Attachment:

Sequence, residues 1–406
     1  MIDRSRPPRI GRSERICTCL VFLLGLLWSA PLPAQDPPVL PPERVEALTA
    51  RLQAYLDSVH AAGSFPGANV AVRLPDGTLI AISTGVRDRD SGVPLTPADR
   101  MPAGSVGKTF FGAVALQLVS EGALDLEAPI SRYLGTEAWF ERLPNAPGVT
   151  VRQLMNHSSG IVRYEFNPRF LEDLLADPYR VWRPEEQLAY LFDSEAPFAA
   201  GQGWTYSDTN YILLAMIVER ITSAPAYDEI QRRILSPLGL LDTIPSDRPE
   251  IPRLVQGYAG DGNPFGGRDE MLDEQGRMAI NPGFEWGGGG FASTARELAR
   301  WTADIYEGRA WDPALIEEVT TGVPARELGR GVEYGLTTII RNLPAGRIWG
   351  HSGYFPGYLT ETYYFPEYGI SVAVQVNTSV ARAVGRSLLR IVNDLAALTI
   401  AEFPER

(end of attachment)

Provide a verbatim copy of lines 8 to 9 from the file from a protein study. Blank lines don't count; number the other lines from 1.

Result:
   301  WTADIYEGRA WDPALIEEVT TGVPARELGR GVEYGLTTII RNLPAGRIWG
   351  HSGYFPGYLT ETYYFPEYGI SVAVQVNTSV ARAVGRSLLR IVNDLAALTI